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I have a fairly large application in CI right now, and I'm looking to improve our test procedures. And by "improve" I mean "put some in place". Looking to see how some other developers out there go about it.

I was thinking of leveraging the Unit Testing framework within CI for some of the more basic stuff -- making sure models do what they are supposed to, etc. But this only takes care of at best half(?) of what really needs to be tested since a lot of logic always resides in the controller. I was considering an automated web test suite (to record my actions through the site and be able to play them back and check conditions) but the products out there seem very lacking.

Aside from a massive set of test procedures that someone has to manually go through, how do you guys deal with regression testing and the likes on a large site?

[eluser]Eric Cope[/eluser]
I find it interesting that there are no responses? I too am looking for guidance on an automated test suite for my large application. I agree that the Unit Testing framework (and unit testing in general) is good for small pieces, but what about the larger pieces?

[eluser]Eric Cope[/eluser]
Since we are the only ones interested in this subject, what ideas do you have on this type of testing?

[eluser]Jim Higgins[/eluser]
I came across these in an online presentation while searching the topic myself.

Unit Testing:
PHP Unit

System Testing:
Selenium + PHP Unit

Performance, Stress, Load, Reliability, Availability
ab, httperf, JMeter, Grinder, OpenSTA

Chorizo + PHP Unit

Here is the presentation...

Also, I know .Net Magazine did a story on automated security testing and I think they ranked them. I have the magazine around still I'm sure (I save them all). Let me know if you'd like me to dig through and try and find it.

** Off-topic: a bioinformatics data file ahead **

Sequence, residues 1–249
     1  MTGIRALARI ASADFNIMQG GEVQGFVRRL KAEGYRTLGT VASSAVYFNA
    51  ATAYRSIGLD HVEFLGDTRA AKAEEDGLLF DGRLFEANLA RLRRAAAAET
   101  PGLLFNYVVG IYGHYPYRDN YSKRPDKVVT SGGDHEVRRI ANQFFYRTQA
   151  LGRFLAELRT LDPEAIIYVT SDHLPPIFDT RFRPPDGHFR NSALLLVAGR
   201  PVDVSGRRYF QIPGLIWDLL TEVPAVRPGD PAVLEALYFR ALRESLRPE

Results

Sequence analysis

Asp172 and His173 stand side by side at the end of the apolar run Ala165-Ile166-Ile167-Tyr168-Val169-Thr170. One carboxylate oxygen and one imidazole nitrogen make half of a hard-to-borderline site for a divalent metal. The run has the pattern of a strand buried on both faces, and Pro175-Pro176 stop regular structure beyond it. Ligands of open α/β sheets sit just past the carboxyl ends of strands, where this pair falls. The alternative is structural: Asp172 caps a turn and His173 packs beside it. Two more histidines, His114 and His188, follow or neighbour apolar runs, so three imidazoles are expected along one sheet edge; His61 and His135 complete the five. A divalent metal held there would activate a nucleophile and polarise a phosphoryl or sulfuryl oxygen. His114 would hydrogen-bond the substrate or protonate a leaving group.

Good luck and let me know what you both end up choosing to do.

[eluser]Eric Cope[/eluser]
I am absolutely interested in that article. Let me know if you can find it. Thanks.

Thanks Jim. I ran across selenium in my own searches and it seemed like the one I'd go for to test out the user interfaces. We've just started getting into testing, right now I'm just setting up unit testing for all the helper classes we have, then I'll be going through and writing up formal test cases for the UI. Hopefully those will translate well into selenium and we can avoid too much human intervention.

[eluser]Jim Higgins[/eluser]
Okay, I found the article. It was the December 2007 issue #170. I scanned the article so if either of you would like me to email it to you, just send me your email address or catch me on IM (addresses listed in my profile).

In summary, here's what they recommend for security tests and vulnerability scanners...

HackerGuardian (hackerguardian.com)- Simple vulnerability testing at a low price (some options are free). Scans run from the HackerGuardian servers too so there's no software for you to install or configure.

QualysGuard (qaulys.com/forms/trials/freescan)- This scanning service is for checking network vulnerabilities more than deep analysis of web applications, but there are some overlaps, and you get a free trial so it's definitely worth a look.

Acunetix (acunetix.com) - Vulnerability scanner that can also analyse JavaScript, Flash, Soap, Ajax and run through in-depth xss and sql injection tests. However, a license costs 750 pounds (UK Magazine)... which .Net writer says is worth it if you're a consultant or a large company. They do have a free version that runs xss scans only.

Gamasec (gamasec.com) - Marginally less detailed testing than the one above for a much lower price (from 100 pounds per scan on a pay-as-you-go basis).

Altersite (altersite.com) - Online scanning service with free trials.

Nessus (nessus.org) - Works best on Unix.

Lastly, they included a very quick 4 step tutorial using Aura and Wikto (www.senspost.com/research_tools.html) for free. You can see this in the article I scanned (which I can email to you) or you can backorder a copy of the issue from http://www.netmag.co.uk/

Wow Jim, thanks, I'd love to see the article! I'll send you my email.

I'm still curious if anyone has actually had experience doing such serious testing on a web application? Any pitfalls people have run into, products to avoid, lessons learned? Sounds like Jim's article has a lot of good places to start but I'd still like to see if anyone can weigh in with past experiences?

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